top of page

HAVE YOUR          SAY.....

Whether you agree or disagree with our critics, we welcome  your comments and will try to include them at the end of the review. 

Please use our contact form 

Nana's Knickers gets everyone in a twist!

The team with front four: Nana Vera (Fiona Robson), author Andi Hardy, Jenny (Lisa Cowley), Alex (Baz Stilinski.

Nana’s Knickers by Andi Hardy, production by Phoenix Players at The Bear Pit Theatre, Stratford-upon-Avon, 10 – 13 May.

Review by Ann Evans

Nana’s Knickers is Andi Hardy’s first full length two-act production and I’m sure it will be the first of many. It’s a genuinely funny play that takes a look at family and relationships and gives them a good old shake up. We’ve all heard of ‘men behaving badly’ well this is definitely a case of a 65-year-old grandma behaving very badly!

Andi says that inspiration for the play came during Covid, when people were separated from family and she got to thinking about family and friends and decided to try and get to the bottom of some familiar behavioural traits. She also got to thinking about her own three generations of grans - her Nanny Sue, her Gran Teresa and Great Nana Cathy with all their wise and worldly words of advice. Creating Nana Vera she found to be a lot of fun but at the same time writing a comedy she says was terrifying – “What if no one laughs?” she confided.

There was no need to worry, the laughter came from the very start as the audience warmed to these colourful characters even though Nana Vera (Fiona Robson) was deep in the throes of nagging to death husband John (Rob Warnes) and her daughter Alice (Karen McDonald) about her beef wellington being over cooked and the fact that there was trifle for ‘afters’ yet again – with every grumble bouncing off John’s impenetrable shell of disinterest.

Nana Vera is tired of her husband of 45 years showing not the slightest bit of interest in anything apart from when his next meal will be set down in front of him. Vera’s nagging has long ceased to make any difference to the rut they are both in. Her daughter Alice doesn’t help matters either.

The stage is set at The Bear Pit, Stratford.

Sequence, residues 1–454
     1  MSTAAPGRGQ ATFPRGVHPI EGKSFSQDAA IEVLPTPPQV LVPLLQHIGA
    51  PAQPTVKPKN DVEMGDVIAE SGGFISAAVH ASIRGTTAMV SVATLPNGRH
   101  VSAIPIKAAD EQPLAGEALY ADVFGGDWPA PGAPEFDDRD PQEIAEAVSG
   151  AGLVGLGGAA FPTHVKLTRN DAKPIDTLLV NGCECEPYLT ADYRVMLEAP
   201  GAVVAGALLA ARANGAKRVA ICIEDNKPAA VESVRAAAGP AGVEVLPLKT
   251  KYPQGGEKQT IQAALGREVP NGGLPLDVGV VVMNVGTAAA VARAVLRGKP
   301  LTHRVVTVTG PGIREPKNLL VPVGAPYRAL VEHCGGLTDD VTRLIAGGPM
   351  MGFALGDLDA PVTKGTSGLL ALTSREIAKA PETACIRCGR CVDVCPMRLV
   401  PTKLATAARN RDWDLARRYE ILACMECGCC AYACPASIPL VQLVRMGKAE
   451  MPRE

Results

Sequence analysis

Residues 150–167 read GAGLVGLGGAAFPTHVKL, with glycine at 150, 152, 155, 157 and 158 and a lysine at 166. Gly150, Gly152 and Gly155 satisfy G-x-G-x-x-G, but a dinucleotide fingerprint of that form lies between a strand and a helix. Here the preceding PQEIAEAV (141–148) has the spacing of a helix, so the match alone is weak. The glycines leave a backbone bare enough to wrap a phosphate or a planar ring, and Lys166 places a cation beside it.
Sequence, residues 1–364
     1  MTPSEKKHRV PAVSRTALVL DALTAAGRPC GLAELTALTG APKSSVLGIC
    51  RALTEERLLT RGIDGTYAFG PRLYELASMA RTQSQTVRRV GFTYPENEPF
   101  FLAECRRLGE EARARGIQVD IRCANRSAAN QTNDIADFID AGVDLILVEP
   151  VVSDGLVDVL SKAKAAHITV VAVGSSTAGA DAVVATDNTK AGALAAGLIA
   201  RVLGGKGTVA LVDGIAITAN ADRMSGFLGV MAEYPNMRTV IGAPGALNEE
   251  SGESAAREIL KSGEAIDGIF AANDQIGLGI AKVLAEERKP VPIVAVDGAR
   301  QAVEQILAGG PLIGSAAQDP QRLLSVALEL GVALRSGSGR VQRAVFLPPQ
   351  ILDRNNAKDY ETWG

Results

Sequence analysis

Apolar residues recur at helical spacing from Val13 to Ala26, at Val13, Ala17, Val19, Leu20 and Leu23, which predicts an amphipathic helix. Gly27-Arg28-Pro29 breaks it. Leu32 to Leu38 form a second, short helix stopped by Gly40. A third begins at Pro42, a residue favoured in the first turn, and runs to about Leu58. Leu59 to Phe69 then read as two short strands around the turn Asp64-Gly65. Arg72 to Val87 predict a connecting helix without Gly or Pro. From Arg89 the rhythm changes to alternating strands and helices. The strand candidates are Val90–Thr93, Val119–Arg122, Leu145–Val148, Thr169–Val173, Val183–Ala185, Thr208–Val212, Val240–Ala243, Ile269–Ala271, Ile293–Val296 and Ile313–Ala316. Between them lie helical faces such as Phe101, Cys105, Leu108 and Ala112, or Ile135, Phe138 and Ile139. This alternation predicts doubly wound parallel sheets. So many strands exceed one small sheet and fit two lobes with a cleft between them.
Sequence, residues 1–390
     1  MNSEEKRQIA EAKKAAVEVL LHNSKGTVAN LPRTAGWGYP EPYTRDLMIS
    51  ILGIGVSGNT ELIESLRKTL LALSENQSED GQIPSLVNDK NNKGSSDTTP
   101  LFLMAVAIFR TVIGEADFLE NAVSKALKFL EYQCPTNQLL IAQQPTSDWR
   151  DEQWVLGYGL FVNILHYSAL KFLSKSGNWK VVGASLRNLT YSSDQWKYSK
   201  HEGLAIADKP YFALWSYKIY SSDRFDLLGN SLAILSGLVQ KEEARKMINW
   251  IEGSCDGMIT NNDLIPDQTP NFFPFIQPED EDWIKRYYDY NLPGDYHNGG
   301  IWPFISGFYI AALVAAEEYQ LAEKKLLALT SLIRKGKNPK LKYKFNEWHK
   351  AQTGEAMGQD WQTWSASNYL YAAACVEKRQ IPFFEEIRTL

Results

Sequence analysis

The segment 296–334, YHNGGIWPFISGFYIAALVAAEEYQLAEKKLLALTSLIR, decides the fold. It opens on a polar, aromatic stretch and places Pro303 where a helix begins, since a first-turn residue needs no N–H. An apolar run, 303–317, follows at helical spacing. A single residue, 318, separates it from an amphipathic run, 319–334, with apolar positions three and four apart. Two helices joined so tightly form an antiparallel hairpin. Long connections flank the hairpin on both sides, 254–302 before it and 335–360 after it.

Impulsively, Vera has had enough and walks out on John, moving in with granddaughter Jenny (Lisa Cowley) whether she likes it or not. There are shocks all around however, as Vera discovers that Jenny’s flat mate Alex (Baz Stilinski) isn’t a girl but a rather lively gay young man with a very active love life – the latest being Jamie (Adam Clarke). With her eyes well and truly opened, Nana Vera realises what’s been missing from her life and decides she wants a piece of the action!

She fully intends becoming a cougar, but as she hasn’t quite got her head around modern-day jargon, she plans on becoming a jaguar.

While Alex takes 65-year-old Nana Vera under his wing – out there on the tiles, Jenny is left feeling frustrated and responsible for her nana’s behaviour. Meanwhile John is in danger of starvation as he has no idea how to even turn the cooker on to make a meal, or how to clean a scrambled egg pan, or even how to work the vacuum cleaner. I think a lot of audience laughter had an tinge of recognition!

To add to John’s desperation to get to grips with domesticity, Vera calls by to announce that she’s found herself another, younger man. The trouble is, her other man is granddaughter Jenny’s new boyfriend, Chris (Callum McCormick). Emotions are running high, much to the delight of the audience, who were kept entertained throughout the entire performance. And while I don’t want to give away any spoilers it’s not just Nana Vera who gets some eye-opening surprises!

A hugely enjoyable production, everyone played their parts with conviction – and hats off to Fiona Robson (Nana Vera) for her excellent portrayal of a 65-year-oid on a mission to re-discover that inner woman. With the intimacy of The Bear Pit’s central stage adding to the atmosphere of being right there in the middle of the action it was a fabulous evening’s entertainment.

More details about The Phoenix Players:


bottom of page